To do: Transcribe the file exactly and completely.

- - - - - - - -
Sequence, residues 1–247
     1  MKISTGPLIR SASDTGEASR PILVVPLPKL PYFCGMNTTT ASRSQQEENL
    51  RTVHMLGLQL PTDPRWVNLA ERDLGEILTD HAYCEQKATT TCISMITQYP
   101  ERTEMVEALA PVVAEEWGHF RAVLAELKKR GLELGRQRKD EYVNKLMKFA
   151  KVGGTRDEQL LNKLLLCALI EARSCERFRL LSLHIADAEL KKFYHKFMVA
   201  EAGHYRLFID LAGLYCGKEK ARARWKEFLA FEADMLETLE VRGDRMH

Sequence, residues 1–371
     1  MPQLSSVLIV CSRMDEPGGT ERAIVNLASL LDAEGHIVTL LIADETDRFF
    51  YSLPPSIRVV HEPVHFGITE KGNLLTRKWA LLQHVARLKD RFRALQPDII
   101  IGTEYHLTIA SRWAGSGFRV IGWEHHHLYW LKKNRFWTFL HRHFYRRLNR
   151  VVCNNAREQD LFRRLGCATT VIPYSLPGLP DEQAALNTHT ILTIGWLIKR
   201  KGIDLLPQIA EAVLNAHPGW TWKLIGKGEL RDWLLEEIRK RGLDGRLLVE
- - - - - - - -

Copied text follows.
Sequence, residues 1–247
     1  MKISTGPLIR SASDTGEASR PILVVPLPKL PYFCGMNTTT ASRSQQEENL
    51  RTVHMLGLQL PTDPRWVNLA ERDLGEILTD HAYCEQKATT TCISMITQYP
   101  ERTEMVEALA PVVAEEWGHF RAVLAELKKR GLELGRQRKD EYVNKLMKFA
   151  KVGGTRDEQL LNKLLLCALI EARSCERFRL LSLHIADAEL KKFYHKFMVA
   201  EAGHYRLFID LAGLYCGKEK ARARWKEFLA FEADMLETLE VRGDRMH

Sequence, residues 1–371
     1  MPQLSSVLIV CSRMDEPGGT ERAIVNLASL LDAEGHIVTL LIADETDRFF
    51  YSLPPSIRVV HEPVHFGITE KGNLLTRKWA LLQHVARLKD RFRALQPDII
   101  IGTEYHLTIA SRWAGSGFRV IGWEHHHLYW LKKNRFWTFL HRHFYRRLNR
   151  VVCNNAREQD LFRRLGCATT VIPYSLPGLP DEQAALNTHT ILTIGWLIKR
   201  KGIDLLPQIA EAVLNAHPGW TWKLIGKGEL RDWLLEEIRK RGLDGRLLVE